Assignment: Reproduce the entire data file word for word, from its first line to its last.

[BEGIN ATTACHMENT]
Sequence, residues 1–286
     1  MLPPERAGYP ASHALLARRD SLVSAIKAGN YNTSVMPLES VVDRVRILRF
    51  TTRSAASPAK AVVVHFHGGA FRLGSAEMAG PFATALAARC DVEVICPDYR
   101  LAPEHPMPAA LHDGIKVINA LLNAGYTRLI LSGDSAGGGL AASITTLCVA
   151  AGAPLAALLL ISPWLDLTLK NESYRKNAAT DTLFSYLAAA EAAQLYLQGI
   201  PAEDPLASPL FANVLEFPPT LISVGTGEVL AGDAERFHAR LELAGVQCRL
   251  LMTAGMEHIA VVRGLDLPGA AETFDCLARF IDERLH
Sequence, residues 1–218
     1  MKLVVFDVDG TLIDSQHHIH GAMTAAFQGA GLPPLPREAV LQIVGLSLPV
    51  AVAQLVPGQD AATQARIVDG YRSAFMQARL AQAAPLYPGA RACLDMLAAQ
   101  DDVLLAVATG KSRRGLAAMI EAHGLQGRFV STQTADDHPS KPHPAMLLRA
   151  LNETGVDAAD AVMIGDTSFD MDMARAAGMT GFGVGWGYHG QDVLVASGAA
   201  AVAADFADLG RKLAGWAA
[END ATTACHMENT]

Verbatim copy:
Sequence, residues 1–286
     1  MLPPERAGYP ASHALLARRD SLVSAIKAGN YNTSVMPLES VVDRVRILRF
    51  TTRSAASPAK AVVVHFHGGA FRLGSAEMAG PFATALAARC DVEVICPDYR
   101  LAPEHPMPAA LHDGIKVINA LLNAGYTRLI LSGDSAGGGL AASITTLCVA
   151  AGAPLAALLL ISPWLDLTLK NESYRKNAAT DTLFSYLAAA EAAQLYLQGI
   201  PAEDPLASPL FANVLEFPPT LISVGTGEVL AGDAERFHAR LELAGVQCRL
   251  LMTAGMEHIA VVRGLDLPGA AETFDCLARF IDERLH
Sequence, residues 1–218
     1  MKLVVFDVDG TLIDSQHHIH GAMTAAFQGA GLPPLPREAV LQIVGLSLPV
    51  AVAQLVPGQD AATQARIVDG YRSAFMQARL AQAAPLYPGA RACLDMLAAQ
   101  DDVLLAVATG KSRRGLAAMI EAHGLQGRFV STQTADDHPS KPHPAMLLRA
   151  LNETGVDAAD AVMIGDTSFD MDMARAAGMT GFGVGWGYHG QDVLVASGAA
   201  AVAADFADLG RKLAGWAA